Centralized debt collection is a work in progress in La.
BATON ROUGE (AP) — Lawmakers looking to boost dollars for state expenses are trying to reach a compromise to centralize and toughen debt collection efforts, with estimates that the move could drum up $200 million over five years for the state treasury.
The Senate Finance Committee on Monday stalled a debt collection proposal by Rep. Chris Broadwater, R-Hammond, trying to address concerns about administrative costs and the flow of money that would be gathered.
But senators said they want to find a way to intensify collection efforts and bump up dollars in a state grappling with its sixth year of budget troubles.
“It’s a lot of money, and I really wish we could collect it. It would solve a lot of our problems,” said Sen. Mack “Bodi” White, R-Central.
Broadwater has been working for a year on ways to get the state’s back-owed bills paid and generate millions of dollars owed to state agencies. He said Louisiana has been too lax in seeking payment for delinquent accounts, which reached $1.4 billion in the most recent tally.
“We have had a recurring problem in how we collect our money,” he said. “In any given quarter, we are writing off considerable amounts of money.”
He said write-offs deemed uncollectable reached as much as $200 million a year.
The state has 174 agencies — and no unified collection system to handle all state government debts. The attorney general’s office collects back-owed debt for 43 agencies that have contracts with them directly. But such contracts aren’t required.
Broadwater’s bill would create a new debt recovery office in the Department of Revenue and give it the authority to revoke and suspend state-issued licenses for back debts, among other things.
It would require agencies to refer all their delinquent accounts to either the attorney general’s office or the new debt recovery office for collection. The debts would have to be referred quickly, once they are 60 days old.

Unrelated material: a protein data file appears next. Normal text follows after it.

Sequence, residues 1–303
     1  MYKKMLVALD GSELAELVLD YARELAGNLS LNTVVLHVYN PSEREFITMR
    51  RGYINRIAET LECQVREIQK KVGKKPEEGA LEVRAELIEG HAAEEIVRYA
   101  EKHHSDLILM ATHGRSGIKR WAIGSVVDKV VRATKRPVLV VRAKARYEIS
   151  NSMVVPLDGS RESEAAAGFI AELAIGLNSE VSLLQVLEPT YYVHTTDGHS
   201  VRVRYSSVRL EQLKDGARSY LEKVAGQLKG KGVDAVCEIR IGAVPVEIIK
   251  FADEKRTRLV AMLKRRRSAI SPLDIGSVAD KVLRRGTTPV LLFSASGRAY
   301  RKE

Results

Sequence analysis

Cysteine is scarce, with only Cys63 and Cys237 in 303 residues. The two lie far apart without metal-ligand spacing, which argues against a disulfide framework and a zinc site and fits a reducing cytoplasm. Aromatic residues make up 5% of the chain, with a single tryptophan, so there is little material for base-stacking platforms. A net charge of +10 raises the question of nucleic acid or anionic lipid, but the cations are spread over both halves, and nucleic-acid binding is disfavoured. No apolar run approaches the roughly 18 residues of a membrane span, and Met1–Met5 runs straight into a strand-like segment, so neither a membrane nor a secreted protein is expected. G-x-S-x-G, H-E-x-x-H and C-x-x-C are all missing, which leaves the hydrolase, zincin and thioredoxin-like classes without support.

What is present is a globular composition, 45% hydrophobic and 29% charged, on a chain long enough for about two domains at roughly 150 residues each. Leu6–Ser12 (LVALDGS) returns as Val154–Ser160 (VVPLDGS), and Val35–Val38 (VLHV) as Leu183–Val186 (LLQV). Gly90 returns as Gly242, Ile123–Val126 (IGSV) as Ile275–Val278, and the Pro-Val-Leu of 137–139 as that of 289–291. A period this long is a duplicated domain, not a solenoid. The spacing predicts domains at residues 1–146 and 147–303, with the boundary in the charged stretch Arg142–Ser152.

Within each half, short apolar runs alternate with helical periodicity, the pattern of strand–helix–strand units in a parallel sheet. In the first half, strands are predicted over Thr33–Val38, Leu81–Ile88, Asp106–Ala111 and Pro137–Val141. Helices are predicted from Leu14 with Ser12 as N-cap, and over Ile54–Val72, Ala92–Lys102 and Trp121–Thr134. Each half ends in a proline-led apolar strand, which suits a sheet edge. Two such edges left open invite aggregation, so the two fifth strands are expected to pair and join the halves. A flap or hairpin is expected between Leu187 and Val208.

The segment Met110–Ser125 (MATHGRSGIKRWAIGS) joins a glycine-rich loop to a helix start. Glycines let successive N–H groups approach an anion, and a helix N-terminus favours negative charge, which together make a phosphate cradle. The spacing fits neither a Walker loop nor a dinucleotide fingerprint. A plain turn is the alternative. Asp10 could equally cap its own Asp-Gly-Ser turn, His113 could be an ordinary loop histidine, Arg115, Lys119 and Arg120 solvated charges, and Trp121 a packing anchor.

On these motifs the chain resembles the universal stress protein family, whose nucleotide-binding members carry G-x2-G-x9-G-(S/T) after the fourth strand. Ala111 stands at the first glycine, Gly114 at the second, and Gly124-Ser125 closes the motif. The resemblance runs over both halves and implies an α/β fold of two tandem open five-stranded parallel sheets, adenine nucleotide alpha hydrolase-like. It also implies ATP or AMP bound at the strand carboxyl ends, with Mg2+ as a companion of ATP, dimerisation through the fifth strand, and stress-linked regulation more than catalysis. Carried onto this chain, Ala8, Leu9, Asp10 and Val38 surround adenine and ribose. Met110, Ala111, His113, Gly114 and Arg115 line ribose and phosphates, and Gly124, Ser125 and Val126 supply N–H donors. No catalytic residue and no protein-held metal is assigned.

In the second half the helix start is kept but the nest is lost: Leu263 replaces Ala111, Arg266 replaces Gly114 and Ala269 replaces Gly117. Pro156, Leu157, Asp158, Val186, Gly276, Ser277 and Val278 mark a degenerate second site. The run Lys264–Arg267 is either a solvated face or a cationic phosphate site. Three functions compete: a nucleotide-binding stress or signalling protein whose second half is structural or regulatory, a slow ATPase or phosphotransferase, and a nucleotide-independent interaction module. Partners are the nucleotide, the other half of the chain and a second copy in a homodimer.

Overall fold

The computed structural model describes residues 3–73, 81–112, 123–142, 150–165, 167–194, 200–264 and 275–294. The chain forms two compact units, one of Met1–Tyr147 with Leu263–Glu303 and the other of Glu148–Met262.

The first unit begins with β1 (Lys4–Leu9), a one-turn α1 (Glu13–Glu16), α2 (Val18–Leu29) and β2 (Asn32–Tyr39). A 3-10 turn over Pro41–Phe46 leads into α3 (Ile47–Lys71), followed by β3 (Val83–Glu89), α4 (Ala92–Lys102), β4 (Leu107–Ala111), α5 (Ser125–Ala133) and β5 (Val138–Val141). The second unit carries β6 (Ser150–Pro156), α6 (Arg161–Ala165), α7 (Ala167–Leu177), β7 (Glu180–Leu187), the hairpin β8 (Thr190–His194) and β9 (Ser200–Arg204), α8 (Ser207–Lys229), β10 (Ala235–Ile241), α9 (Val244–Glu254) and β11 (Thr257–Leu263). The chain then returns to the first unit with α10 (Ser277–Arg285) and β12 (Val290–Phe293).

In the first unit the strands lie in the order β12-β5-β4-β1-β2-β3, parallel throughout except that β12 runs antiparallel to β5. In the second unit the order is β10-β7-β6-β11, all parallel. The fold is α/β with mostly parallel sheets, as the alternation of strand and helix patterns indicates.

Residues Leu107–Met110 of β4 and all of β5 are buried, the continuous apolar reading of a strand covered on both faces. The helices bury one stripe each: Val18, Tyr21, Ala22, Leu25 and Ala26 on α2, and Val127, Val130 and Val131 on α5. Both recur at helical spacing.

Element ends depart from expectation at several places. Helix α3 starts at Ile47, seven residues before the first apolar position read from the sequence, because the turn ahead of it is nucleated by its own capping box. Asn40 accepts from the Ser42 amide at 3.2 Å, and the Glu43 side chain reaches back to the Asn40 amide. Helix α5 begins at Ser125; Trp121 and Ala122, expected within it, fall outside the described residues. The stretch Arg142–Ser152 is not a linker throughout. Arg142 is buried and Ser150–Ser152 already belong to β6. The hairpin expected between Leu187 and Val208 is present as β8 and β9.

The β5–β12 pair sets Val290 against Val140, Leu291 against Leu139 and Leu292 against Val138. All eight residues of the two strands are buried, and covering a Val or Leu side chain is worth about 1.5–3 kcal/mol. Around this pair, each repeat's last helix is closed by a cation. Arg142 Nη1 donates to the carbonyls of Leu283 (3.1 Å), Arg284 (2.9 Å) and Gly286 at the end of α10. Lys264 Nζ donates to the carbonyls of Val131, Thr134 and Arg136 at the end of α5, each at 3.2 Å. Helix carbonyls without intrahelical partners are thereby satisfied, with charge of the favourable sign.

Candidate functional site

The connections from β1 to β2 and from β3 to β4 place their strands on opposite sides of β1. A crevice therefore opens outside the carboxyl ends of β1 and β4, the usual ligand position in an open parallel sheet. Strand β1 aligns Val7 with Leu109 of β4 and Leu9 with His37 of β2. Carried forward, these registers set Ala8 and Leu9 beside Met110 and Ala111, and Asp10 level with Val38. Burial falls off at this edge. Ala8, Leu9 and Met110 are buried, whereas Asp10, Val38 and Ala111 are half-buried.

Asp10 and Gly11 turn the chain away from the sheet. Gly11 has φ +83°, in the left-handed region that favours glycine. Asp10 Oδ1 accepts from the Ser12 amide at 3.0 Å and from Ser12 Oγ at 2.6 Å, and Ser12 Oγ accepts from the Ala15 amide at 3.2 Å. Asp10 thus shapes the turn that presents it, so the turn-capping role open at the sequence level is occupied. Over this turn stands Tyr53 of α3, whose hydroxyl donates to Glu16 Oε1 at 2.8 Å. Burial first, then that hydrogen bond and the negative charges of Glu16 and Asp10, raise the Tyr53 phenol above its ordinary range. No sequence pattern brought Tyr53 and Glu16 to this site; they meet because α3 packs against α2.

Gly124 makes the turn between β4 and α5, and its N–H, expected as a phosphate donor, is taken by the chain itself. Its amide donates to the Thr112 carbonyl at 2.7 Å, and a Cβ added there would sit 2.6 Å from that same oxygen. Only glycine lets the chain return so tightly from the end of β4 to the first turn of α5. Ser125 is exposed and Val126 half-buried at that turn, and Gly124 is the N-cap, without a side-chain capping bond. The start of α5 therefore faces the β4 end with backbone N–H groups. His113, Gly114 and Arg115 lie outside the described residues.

“The longer you let it sit on the books, the harder it’s going to be to collect,” Broadwater said.
Finance Committee Chairman Jack Donahue, R-Mandeville, questioned whether the creation of a new revenue department office would increase bureaucracy without certainty that the dollars spent on new staff would generate a significant increase in debt collection.
Broadwater said the legislation was modeled on successful efforts in other states. The leader of the revenue department, Tim Barfield, said the agency wouldn’t engage in a hiring spree, but would bring on more people if the debt collection cases justified new workers.
“I’m hoping he has to hire additional people to count all the money that’s coming in,” Broadwater said.
An analyst for the nonpartisan Legislative Fiscal Office also generated worries for senators when she described how the money collected from delinquent accounts would flow back to state agencies, rather than into the state’s general fund for use as determined by lawmakers.
A contractor hired by Gov. Bobby Jindal’s administration to devise a strategy for improving debt collection efforts estimated the state could bring in an extra $150 million to $200 million within five years by improving its debt collection process, using methods included in Broadwater’s bill.
The House already has given unanimous passage to the debt collection measure.
Time for a compromise is running short, however. The legislative session must end by June 6. The Finance Committee planned to work on the bill again Wednesday.